Geospatial features have proven over the years to significantly increase user engagement. In fact, we got so used to it that now we even expect that any kind of recommendation (news, restaurants, products) should also be location-based. The majority of the applications nowadays are mainly using Radius-based queries, which might naturally lead to imprecise or sub-optimal results. In a world where companies are competing for the user’s attention, precision might be a key differentiating factor, that is why polygon-based search is becoming increasingly popular.

In this article, we will talk about Polygon-based search in Couchbase, a feature that has been added since Couchbase 6.6


What is Geospatial Polygon Search

geospatial query specifies an area, and returns each document that contains a reference to a location within the area. Areas and locations are represented by means of latitudelongitude coordinate pairs.

There are many flavors of geospatial query, Radius-based queries (also known as Point Distance) are the most commonly used and also the easiest one to start with. All you need is a coordinate and the radius of the circle:

radius based search


In the bounding box search, you have to specify two latitude-longitude coordinate pairs instead. These are respectively taken to indicate the top left and bottom right corners of a rectangle. Documents are returned if they reference a location within the area of the rectangle:

rectangle geospatial search with Couchbase NoSQL

The two methods above are great when you need approximated results, but they are not enough when you need to limit your search area :

polygon search building

Geospatial Geometry/Polygon search allows you to look for documents contained inside a closed polygon-shaped object defined by a sequence of coordinates. In the image above, for instance, we want to limit our search by only documents with coordinates that live inside the polygon we have defined, which represents a building in this case.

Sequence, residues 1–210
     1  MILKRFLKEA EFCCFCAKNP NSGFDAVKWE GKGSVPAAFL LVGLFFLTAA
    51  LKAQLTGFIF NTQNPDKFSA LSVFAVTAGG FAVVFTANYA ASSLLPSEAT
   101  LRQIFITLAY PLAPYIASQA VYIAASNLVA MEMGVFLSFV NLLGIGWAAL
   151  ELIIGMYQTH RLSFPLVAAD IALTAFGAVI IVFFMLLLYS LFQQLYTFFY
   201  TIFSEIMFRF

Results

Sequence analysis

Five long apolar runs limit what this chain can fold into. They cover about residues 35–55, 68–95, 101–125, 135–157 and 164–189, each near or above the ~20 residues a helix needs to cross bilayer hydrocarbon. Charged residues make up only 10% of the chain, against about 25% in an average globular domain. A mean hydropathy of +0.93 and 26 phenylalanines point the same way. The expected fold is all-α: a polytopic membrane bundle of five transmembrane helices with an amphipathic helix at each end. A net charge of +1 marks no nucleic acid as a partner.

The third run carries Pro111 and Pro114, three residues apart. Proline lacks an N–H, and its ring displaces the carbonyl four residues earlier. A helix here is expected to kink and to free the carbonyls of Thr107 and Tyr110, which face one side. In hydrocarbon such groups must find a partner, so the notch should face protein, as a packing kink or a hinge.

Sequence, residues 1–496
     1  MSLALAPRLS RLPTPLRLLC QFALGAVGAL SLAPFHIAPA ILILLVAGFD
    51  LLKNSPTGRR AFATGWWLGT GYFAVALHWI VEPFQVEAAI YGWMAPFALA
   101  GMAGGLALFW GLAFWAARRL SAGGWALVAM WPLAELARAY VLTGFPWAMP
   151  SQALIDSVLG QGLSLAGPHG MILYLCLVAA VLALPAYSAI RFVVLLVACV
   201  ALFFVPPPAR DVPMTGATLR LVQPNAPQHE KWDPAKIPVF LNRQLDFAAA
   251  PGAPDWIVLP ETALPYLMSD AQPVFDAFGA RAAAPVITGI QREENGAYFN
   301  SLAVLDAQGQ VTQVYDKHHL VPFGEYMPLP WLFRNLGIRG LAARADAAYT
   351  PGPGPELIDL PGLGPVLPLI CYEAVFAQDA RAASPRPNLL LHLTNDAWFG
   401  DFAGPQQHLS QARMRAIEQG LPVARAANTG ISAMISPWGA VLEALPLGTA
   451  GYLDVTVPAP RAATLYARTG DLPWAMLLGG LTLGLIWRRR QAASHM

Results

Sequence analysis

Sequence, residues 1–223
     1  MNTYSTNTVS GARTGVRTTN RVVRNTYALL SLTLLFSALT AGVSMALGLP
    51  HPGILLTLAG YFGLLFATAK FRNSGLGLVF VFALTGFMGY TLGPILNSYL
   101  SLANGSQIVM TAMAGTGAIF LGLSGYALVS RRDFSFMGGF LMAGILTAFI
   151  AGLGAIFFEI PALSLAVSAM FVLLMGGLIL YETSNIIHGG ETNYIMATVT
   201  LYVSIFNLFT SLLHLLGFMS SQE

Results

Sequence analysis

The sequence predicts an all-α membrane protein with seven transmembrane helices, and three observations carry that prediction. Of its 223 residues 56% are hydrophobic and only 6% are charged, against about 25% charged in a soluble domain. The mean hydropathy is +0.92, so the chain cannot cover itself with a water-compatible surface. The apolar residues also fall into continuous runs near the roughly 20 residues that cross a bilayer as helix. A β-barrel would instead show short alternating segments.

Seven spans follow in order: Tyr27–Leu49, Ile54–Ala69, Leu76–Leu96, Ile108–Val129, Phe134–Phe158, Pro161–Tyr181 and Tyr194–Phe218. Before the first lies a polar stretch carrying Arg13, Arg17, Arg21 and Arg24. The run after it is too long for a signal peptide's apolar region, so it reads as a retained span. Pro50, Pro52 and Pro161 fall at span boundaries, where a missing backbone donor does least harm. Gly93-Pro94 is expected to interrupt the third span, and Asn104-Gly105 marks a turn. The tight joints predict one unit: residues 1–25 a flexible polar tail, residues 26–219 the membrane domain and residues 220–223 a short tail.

There is virtually no limit on the number of coordinates/points that could be specified in your polygon query, but like any other search engine out there, the performance will naturally degrade if you need to specify very complex polygons.

Geospatial polygon-based use case

Polygon based search (also referred to as Geometry search) is not restricted to people analyzing satellite images, there are many common use cases that could benefit from it:

  • Real State: Find Offices/Houses in a given village or in a specific area
  • Gaming: Spawn of items in specific areas (e.g. different types of pokemon appearing according to the terrain on Pokemon Go)
  • Analytics: How many people passed by a specific region (e.g. How many Uber/Lyft drivers have been in the airport in a given day)
  • Advertisement: Increase the CPC (Cost Per Click) when users are in a specific place (e.g. a Shopping Mall) 
  • Smart Cities: Notify citizens of a region about a potential threat (eg: hailstorm, flooding)

Geospatial Search Growth

We can indirectly demonstrate how popular location-based search has become by comparing the percentage of apps requesting permission to access the user’s location over the years:



According to the graph above, back in 2013 only 11.68% of the mobile apps were requesting access to the user’s location. This other report suggests that in 2014, nearly 24% of the apps were requesting for the  user’s location:



If we fast forward to 2020, this third report already suggests that 95% of the apps in China are requesting access to the user’s location: